What Can We Do?
“If we continue business as usual, by the early 2030s we will need two planets to keep up with humanity’s demand for goods and services.”
– The World Wide Fund for Nature, “Living Planet Report 2008”
Buildings are currently sitting atop the Energy Consumption chart with a 48% ownership. We are currently consuming almost as much as industry (25%) and transportation (25%) combined. We have the opportunity to make a huge impact here.
Consider for a moment the amount of time per day that you spend inside buildings; your home, your office, in class, restaurants, etc... Time spent inside these buildings has almost twice the impact on the environment as driving between them does. While personal lifestyle changes play a vital role in aiding the sustainability effort; recycling, reducing resource consumption, and driving hybrid cars - these are only part of the solution. As architects, we recognize the potential of making an even larger impact on the environment through more eco-friendly designs. We have a direct hand and responsibility in the abatement of the over-consumption of energy.
Our process as global inhabitants has previously been to take resources from the earth, create what we need, and return the waste. Any cyclical process that yields more waste than usable product, will soon have only waste to work with. Much of the waste from construction and construction sites can be mitigated by careful attention to material selections, fabrication processes, and onsite waste management programs.
Jacoby Architects takes pride in designing projects that meet the needs of our clients while providing functionality and comfort. Moreover, Jacoby Architects takes pride in designing projects that will allow our children and their children to meet their needs while enjoying the same functionality and comforts in the future. By identifying and analyzing the product and it’s impacts throughout its lifecycle and not just its ownership, a Life Cycle Assessment tries to account for all future health and environmental impacts. Choosing a more durable material or product will lessen the need for maintenance, the frequency of replacement, and current solid waste problems. The longer a building functions properly with its original components, the less it will impact energy consumption and the better it’s lifecycle cost.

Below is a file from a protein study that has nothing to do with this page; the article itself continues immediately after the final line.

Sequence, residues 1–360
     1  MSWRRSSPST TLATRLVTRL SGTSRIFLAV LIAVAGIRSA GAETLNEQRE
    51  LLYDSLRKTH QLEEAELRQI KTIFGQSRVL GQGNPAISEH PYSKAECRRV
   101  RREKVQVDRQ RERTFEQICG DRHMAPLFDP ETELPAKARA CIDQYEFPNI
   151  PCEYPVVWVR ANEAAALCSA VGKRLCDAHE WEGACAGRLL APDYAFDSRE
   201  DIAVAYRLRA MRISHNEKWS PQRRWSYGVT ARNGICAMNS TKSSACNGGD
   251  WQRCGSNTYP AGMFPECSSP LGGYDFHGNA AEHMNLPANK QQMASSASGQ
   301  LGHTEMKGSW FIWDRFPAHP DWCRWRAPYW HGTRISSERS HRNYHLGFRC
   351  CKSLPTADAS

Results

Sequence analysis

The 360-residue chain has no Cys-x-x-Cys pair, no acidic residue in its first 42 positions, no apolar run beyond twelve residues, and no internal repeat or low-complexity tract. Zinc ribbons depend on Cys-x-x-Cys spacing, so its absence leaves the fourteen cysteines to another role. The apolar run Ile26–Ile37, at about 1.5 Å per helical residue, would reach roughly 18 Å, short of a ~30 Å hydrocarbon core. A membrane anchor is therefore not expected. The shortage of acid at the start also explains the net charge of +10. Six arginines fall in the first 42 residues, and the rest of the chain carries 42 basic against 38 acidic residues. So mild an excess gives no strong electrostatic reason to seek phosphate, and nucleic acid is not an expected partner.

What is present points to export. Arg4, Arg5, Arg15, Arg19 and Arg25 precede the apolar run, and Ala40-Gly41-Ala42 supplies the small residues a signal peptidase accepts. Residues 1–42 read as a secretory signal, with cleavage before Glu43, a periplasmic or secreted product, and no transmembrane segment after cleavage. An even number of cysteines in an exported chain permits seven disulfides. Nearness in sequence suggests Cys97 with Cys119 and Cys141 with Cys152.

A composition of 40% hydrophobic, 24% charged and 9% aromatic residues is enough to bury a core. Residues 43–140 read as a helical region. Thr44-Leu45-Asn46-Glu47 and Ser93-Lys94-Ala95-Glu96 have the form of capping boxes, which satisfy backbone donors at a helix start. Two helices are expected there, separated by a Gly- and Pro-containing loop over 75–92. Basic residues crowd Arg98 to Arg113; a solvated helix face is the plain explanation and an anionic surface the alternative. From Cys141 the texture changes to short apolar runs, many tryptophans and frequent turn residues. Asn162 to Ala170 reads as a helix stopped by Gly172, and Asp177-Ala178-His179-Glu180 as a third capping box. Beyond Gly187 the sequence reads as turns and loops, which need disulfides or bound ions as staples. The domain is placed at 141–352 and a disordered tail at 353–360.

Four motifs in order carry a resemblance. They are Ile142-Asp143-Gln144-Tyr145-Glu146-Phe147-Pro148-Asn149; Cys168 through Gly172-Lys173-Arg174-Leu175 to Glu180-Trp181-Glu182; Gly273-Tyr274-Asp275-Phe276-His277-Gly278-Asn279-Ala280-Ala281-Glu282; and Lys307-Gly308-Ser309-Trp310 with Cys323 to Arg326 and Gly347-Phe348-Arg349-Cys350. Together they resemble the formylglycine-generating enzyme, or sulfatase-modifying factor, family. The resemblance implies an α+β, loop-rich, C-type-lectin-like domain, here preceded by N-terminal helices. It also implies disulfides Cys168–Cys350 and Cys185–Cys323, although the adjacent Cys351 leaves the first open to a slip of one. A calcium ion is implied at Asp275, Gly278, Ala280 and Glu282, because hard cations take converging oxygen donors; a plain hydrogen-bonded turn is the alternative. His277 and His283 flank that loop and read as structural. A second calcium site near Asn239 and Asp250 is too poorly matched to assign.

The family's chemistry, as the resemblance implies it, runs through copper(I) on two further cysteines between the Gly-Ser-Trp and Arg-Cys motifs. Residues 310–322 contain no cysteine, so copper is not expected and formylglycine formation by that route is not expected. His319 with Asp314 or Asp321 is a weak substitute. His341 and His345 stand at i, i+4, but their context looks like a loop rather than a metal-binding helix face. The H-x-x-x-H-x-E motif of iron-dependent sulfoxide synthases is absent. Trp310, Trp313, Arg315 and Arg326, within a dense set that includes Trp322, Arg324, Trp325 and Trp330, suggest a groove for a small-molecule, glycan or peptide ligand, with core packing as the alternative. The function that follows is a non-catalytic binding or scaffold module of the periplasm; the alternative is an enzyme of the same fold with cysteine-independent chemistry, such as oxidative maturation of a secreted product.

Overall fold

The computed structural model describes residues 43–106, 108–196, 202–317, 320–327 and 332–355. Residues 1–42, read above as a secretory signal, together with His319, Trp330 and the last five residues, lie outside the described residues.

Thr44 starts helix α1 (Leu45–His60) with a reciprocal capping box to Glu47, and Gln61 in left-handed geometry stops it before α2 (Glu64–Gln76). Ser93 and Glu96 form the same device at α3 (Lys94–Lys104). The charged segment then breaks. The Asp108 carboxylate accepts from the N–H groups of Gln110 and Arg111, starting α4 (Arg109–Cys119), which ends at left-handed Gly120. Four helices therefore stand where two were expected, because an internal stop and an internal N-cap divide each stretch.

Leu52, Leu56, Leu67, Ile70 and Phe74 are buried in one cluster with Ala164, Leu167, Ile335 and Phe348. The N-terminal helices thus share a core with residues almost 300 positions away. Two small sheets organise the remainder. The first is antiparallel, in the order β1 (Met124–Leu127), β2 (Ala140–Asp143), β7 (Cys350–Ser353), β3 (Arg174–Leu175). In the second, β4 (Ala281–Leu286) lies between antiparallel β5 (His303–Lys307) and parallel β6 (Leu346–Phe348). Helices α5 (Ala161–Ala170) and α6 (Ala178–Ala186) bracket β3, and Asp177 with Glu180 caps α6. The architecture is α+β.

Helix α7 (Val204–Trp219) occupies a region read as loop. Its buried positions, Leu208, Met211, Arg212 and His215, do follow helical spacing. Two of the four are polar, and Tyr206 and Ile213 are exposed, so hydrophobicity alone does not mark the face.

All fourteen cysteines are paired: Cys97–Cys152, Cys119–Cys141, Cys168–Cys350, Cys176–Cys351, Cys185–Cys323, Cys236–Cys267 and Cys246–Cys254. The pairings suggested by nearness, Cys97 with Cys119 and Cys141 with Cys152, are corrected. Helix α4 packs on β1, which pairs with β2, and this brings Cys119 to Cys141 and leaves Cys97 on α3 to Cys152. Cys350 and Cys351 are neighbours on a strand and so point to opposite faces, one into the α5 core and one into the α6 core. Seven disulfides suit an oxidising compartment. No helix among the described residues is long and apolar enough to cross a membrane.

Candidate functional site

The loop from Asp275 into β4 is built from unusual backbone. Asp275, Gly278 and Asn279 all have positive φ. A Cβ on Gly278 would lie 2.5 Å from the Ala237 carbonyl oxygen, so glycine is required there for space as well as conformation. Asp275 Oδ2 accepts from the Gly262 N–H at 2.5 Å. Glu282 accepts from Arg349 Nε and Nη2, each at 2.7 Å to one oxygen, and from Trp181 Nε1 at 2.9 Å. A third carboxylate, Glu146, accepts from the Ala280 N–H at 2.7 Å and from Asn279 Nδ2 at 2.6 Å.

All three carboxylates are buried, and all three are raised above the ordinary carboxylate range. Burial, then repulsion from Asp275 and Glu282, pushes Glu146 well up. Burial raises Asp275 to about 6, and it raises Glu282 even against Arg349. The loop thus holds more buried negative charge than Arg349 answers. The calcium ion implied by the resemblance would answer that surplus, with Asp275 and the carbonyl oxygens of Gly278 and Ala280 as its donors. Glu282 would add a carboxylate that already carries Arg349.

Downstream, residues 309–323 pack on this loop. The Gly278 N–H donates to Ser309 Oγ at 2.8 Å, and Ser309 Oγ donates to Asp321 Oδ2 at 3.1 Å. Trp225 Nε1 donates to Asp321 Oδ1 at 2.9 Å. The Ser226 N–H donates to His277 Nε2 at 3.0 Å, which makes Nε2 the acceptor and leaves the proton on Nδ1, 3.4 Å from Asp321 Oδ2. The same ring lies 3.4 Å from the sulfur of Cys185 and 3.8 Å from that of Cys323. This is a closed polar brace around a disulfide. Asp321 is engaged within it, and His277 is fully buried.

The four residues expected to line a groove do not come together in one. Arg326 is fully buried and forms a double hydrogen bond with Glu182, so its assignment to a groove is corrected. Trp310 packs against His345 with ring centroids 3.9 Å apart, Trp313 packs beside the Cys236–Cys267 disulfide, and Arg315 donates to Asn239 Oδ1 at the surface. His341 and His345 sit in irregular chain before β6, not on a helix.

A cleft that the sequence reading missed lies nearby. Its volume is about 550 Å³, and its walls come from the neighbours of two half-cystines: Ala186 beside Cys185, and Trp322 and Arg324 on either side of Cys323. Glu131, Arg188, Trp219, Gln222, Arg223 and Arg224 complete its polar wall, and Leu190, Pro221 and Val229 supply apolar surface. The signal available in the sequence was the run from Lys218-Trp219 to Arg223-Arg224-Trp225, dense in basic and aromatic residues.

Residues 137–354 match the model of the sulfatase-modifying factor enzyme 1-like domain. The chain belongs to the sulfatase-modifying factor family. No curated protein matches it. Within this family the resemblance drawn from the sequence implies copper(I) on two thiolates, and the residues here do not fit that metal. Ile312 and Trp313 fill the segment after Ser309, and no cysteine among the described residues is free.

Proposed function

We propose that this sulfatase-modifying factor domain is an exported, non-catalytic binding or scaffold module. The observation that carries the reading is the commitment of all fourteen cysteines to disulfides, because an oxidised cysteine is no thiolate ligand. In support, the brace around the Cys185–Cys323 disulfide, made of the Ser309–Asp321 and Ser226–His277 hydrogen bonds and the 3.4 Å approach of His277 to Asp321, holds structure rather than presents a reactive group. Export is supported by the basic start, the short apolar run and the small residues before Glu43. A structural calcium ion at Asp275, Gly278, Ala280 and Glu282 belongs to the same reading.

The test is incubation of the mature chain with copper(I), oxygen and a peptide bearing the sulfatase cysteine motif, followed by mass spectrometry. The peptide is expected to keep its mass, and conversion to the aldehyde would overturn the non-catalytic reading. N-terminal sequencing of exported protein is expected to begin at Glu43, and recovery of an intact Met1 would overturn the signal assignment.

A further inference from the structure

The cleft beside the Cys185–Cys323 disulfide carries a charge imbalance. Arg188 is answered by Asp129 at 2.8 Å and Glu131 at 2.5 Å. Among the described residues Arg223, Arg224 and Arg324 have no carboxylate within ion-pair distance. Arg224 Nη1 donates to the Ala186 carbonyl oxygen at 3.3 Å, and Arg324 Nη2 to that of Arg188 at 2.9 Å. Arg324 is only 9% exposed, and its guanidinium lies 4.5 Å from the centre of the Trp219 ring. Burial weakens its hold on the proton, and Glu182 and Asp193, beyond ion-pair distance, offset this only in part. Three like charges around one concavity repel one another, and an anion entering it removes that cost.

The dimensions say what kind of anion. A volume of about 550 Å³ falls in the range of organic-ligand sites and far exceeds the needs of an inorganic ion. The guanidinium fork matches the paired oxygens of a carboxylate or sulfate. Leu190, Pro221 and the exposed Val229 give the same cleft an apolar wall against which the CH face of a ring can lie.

We are on a constant quest for more eco-friendly designs. We are experienced and knowledgeable of the LEED certification process, the State of Utah High Performance Building Standard, and the integration of cost-effective energy-saving strategies into our projects. For example, the Marriott Honors Residential Scholars Community on the University of Utah Campus is LEED Gold and performs 30% better than required by code. This translates to a savings of over $20,000 per year in utilities alone.
Even our projects that do not require a LEED certification or compliance with energy standards, as best practice, include proper building orientation, natural daylighting and ventilation, well insulated envelopes, building materials that are recycled, low-embodied, and low emitting, and high efficiency fixtures and equipment.